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Recordings by William Kapell are sought as eagerly as gold dust. America’s brightest musical star may have shone all too briefly: when returning to California from an Australian tour, his plane went down. He was 31. So a special thanks to Ward Marston for adding to other tributes (most notably, RCA’s magisterial nine-CD collection).

On display once more is an outsized talent, one that blazed meteor-like across America, initially in swashbuckling performances of that exotic show-piece, the Khachaturian Piano Concerto, while also alerting his audience to a deeper sensitivity. Note Kapell’s response to passing shadows as well as brightness in Mozart’s Sonata in C major K 330; to the gravitas of the Bach-Busoni Nun komm, der Heiden Heiland; and to subtle major/minor alternations in two of Schubert’s Ländler. His style in two of Chopin’s Mazurkas (he planned to record them all) tells you, too, of a special affinity for that composer’s most elusive and confessional manner.

Yet in the final reckoning, it is a compulsive brio that leaves its most indelible mark. Kapell’s wit and charm in Abram Chasin’s Tricky Trumpet, with its all-American memory of Gershwin, could light up even the most dour face. Meanwhile, few if any pianists have spun off the reeling 15th Variation from Rachmaninov’s Paganini Rhapsody with such sparkle and insouciance.

At the same time not everything would have survived Kapell’s intimidating self-criticism: there are touches of impatience in Granados’ ‘The Maiden and the Nightingale’ from Goyescas;and ‘The Little Shepherd’ from Debussy’s Children’s Corner sounds more flustered than plaintive. The blistering pace of ‘Dr Gradus ad Parnassum’ from the same suite is a far cry from the composer’s marking of modérément animé. Such things perhaps remind you that even at his tragic death at a scarcely later age, Dinu Lipatti had already acquired a poise and lucidity to complement his regal command.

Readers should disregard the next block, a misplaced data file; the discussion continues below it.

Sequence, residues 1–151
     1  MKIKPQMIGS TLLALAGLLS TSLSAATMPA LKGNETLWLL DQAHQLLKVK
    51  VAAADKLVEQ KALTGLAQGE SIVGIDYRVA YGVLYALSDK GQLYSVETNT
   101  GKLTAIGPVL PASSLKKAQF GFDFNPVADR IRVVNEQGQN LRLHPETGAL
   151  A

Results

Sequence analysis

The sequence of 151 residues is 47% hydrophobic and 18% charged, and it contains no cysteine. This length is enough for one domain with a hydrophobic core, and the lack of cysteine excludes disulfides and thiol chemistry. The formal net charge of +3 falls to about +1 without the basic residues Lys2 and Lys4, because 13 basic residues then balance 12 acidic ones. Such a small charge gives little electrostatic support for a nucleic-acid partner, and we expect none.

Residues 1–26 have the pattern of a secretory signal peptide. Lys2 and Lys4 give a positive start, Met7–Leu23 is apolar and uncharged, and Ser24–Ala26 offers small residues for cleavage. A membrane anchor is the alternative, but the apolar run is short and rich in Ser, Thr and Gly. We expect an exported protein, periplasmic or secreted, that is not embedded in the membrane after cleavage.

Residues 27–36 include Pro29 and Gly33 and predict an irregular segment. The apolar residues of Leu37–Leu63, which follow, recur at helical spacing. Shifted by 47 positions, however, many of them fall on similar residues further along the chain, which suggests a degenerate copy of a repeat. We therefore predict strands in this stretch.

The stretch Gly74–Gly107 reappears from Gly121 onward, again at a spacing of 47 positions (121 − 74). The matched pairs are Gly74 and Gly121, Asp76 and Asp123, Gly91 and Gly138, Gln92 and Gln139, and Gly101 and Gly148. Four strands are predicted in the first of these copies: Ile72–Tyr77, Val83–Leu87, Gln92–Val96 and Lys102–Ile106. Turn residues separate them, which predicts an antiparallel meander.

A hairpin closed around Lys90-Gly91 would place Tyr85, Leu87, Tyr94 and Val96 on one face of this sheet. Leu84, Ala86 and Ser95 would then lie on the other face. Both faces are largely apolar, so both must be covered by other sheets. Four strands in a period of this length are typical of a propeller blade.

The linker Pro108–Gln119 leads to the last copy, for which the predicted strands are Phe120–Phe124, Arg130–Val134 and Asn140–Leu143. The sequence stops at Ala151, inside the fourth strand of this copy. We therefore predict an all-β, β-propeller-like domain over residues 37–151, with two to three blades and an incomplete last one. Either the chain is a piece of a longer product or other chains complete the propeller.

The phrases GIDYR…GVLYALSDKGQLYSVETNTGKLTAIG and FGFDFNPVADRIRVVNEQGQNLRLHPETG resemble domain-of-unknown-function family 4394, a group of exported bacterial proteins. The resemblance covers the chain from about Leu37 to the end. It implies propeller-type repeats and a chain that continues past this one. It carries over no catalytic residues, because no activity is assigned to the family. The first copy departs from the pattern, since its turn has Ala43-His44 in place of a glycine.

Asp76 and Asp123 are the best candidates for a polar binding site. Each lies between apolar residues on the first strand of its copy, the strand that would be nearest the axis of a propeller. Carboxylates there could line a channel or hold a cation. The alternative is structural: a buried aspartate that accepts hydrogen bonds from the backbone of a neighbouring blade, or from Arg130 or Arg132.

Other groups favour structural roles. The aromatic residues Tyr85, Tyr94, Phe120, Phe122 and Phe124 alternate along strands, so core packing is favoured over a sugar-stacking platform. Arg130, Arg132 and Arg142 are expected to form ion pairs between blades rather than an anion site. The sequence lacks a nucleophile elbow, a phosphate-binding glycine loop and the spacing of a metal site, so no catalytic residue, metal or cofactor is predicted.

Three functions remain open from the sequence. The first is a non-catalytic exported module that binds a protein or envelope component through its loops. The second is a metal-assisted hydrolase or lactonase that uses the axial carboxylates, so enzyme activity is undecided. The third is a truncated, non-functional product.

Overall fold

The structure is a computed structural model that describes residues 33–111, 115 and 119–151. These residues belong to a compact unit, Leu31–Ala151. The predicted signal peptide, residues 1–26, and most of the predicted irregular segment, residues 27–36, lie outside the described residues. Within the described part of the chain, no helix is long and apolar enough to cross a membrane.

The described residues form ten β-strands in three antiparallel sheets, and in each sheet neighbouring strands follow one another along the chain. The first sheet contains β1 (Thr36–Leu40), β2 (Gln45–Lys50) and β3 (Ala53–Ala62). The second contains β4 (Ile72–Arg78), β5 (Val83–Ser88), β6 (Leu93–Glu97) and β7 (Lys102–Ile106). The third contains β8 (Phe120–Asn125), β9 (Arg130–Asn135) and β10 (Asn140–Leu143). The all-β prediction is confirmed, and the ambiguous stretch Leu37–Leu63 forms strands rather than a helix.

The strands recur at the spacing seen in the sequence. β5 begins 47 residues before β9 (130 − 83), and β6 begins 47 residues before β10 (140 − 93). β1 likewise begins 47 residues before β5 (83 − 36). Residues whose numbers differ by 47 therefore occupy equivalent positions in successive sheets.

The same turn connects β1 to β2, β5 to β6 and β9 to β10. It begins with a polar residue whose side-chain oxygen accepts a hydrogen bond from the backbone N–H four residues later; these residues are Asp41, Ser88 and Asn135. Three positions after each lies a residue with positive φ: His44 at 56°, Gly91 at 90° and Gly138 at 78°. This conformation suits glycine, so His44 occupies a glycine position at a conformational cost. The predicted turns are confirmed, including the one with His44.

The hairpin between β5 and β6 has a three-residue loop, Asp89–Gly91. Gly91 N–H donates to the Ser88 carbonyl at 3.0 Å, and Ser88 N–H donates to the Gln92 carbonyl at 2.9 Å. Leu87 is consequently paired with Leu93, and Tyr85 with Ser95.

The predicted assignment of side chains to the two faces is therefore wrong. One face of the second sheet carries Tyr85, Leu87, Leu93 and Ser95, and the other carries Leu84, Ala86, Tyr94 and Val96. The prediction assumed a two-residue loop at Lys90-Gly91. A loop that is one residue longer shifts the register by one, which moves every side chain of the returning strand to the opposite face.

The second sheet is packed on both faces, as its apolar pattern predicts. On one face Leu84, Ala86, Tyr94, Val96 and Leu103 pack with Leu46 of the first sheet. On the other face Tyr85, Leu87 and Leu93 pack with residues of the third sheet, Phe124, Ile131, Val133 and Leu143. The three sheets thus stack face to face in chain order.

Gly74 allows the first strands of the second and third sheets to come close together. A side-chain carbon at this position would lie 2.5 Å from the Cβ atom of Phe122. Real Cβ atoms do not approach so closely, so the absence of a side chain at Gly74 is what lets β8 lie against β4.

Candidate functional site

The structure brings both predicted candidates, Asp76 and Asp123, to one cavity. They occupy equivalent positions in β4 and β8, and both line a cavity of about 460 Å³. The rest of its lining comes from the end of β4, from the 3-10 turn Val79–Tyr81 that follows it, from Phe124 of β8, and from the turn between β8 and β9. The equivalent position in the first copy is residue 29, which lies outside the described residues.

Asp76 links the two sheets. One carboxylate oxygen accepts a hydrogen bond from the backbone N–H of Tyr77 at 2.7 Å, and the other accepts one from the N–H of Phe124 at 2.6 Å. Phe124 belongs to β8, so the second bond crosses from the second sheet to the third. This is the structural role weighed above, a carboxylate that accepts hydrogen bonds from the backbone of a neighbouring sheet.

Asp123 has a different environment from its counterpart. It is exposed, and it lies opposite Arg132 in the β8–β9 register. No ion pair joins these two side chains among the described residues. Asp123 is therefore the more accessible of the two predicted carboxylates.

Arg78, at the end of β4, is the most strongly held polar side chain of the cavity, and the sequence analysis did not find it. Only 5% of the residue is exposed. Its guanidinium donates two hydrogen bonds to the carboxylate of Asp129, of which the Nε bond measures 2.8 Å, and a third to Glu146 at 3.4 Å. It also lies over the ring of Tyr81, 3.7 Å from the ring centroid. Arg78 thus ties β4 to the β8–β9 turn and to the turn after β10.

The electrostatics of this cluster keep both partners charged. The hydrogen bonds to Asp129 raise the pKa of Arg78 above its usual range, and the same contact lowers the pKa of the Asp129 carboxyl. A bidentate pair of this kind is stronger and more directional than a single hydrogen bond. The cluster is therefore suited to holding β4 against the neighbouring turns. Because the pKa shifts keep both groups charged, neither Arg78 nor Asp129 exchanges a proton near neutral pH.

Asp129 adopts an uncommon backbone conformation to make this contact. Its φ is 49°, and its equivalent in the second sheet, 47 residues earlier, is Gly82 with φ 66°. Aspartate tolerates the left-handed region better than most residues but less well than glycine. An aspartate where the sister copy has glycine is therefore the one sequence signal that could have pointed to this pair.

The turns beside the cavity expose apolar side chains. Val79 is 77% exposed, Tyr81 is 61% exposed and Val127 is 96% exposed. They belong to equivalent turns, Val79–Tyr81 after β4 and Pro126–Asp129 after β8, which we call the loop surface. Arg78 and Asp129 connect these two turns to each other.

Nonetheless, talk of ‘potential’ (Olin Downes) can seem churlish when faced with such glory. Even for waspish Virgil Thomson, Kapell was already ‘one of the great ones’; while for Claudia Cassidy there was in him ‘the relentless, terrible and wonderful compulsion of genius. He had to play.’ Such comments capture precisely an extraordinary nature.

Ward Marston’s reminder and remembrance includes two interviews (sententious in the style of the times and without the mischievous wit that prompted Kapell to say of Horowitz, ‘If people understood what his tone meant, he’d be banned from the keyboard’), and a touching tribute from the pianist Raymond Lewenthal.

BRYCE MORRISON Read the full review on Agora Classica


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